The Final Scene looks at the last few minutes of some of the most well-known movies of the past fifty years. This week, it's Frank Darabont's adaptation of Stephen King's novella, 'The Shawshank Redemption'...


This weeks marks the 25th anniversary of the release of 'The Shawshank Redemption' in US cinemas - it didn't reach Ireland until March of 1995 - and it's hard to think of the movie without thinking of Morgan Freeman's narration. In the voice of any other actor, the kind of glimmers of hope and frailty would be lost. Yet, with Freeman's note-perfect reading, it transcends itself to become as much a prayer as a narration.

Throughout 'The Shawshank Redemption', we're told of a small village in Mexico - you remember the name? - where "the ocean has no memory", and how it can wash all manner of hardships, and cleanse the soul. The redemption that both Red and Andy seek is there, but it's kind of mind-boggling to think that Frank Darabont nearly ended the movie without seeing it.

The original ending saw Red board the bus to his ending narration, looking out into the horizon as the bus pulled off down the road to an uncertain future. In a Q&A with the Academy of Motion Picture Arts & Sciences, Darabont revealed that he had intended to end it there, as the script was faithful to King's ending.

"The original script ended with Red on the bus, uncertain but hopeful about the future; that's the way the story ended. But the studio executives told me, after two-plus hours of Hell, you might owe them that reunion," Darabont explained.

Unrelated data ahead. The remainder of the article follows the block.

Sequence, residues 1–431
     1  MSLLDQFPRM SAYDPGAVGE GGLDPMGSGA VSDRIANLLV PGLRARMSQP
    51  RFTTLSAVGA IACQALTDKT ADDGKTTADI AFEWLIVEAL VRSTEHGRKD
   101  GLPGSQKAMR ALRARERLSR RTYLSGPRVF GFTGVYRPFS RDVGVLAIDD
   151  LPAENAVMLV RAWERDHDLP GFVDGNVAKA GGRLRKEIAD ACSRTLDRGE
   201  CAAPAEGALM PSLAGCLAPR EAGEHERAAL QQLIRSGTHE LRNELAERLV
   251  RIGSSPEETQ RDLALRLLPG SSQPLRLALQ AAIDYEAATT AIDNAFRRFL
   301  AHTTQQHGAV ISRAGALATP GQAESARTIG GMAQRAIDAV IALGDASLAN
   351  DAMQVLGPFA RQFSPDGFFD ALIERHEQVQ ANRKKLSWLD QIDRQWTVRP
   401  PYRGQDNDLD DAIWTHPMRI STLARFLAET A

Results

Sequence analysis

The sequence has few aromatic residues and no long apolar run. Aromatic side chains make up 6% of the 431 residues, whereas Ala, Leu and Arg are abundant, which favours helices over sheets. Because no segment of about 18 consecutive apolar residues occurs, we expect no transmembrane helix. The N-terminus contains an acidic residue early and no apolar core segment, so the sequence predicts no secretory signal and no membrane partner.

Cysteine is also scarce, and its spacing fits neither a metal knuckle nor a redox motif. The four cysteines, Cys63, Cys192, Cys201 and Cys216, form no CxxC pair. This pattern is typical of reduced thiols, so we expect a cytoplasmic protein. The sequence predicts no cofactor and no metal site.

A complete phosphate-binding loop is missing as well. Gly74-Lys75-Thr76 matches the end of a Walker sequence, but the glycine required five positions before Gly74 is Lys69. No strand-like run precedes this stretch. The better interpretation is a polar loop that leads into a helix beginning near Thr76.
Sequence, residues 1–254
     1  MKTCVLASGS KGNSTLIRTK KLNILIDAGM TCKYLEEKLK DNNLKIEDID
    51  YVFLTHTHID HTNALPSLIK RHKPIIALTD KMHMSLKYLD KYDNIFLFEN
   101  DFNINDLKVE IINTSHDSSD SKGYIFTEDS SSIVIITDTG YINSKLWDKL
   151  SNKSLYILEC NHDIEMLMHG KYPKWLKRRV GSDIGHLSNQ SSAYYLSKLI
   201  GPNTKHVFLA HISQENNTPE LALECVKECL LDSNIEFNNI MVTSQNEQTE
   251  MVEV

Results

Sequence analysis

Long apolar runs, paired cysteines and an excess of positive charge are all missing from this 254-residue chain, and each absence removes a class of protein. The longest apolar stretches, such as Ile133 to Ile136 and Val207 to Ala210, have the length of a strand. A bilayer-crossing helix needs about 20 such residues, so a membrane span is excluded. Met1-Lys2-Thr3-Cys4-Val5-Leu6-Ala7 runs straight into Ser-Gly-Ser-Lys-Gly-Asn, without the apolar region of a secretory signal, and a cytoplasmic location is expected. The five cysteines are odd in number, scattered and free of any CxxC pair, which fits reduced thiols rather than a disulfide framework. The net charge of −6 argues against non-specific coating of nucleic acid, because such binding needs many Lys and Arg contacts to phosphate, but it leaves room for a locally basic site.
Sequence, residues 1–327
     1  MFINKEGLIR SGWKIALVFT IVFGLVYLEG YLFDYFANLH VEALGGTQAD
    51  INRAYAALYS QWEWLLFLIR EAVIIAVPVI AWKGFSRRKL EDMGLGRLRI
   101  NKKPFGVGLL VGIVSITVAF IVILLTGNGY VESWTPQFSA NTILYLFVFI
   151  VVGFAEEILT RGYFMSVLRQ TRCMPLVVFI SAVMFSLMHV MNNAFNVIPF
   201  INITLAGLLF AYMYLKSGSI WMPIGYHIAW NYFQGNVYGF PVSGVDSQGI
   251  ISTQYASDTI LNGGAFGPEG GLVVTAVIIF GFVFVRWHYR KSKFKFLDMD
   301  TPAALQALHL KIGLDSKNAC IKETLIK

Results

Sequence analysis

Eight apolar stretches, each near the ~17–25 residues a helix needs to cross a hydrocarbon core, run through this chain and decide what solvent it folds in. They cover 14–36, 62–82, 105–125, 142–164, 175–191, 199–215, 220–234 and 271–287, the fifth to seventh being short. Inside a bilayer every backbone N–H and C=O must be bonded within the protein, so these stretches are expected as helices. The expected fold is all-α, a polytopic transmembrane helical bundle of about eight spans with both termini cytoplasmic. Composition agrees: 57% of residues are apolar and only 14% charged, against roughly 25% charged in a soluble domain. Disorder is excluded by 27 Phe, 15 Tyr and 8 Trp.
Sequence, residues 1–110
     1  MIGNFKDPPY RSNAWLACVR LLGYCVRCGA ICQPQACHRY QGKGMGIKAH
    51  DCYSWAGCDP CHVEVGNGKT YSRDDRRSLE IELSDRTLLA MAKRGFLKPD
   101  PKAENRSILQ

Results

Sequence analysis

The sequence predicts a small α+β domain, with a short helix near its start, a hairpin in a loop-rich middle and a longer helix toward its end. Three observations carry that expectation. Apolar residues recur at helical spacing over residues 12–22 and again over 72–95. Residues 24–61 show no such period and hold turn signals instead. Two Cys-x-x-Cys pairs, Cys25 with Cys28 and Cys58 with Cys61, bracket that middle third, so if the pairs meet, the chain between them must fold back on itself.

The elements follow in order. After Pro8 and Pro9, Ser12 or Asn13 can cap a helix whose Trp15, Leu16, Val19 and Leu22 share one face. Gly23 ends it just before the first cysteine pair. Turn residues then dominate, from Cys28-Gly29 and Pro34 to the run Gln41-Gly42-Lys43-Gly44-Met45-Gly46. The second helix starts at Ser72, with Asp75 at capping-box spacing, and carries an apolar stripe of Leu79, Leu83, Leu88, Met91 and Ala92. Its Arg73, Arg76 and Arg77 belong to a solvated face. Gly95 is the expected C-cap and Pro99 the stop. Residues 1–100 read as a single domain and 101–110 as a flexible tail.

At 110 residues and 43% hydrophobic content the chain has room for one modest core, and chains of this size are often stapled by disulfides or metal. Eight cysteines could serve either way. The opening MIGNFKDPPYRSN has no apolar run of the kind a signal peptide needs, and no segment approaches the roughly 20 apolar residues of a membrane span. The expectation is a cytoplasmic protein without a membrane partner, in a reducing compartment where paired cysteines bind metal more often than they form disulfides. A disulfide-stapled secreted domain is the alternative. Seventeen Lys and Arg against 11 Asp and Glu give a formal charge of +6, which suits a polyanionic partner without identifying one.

You couldn't imagine the movie ending any other way, because the hardships they've endured has to mean something. It has to be washed away, it has to be - like the title says - redeemed. The reunion is made all the more potent by knowing that Red was, himself, confined by his circumstances and unsure of his future before finding Andy's hidden note.

Before he steps onto the bus, Red marks the wall where Brooks hung himself, confirming that he can either "get busy living, or get busy dying" - and he's choosing the latter.

There's no denying that it's sentimental beyond words, but so what? We know that both of these men have suffered, so why not give them this kind of a joyous ending? So often in King's work, the ending is never quite so easy. Look at 'Misery', which ends with Paul Sheldon realising he'll never be free of Annie Wilkes. Take something like 'The Shining', where we end with Jack Nicholson's features appearing in the walls of the Overlook, caught in some kind of time-warp for eternity.

Can't his protagonists get this one, perfect ending? Of course they can.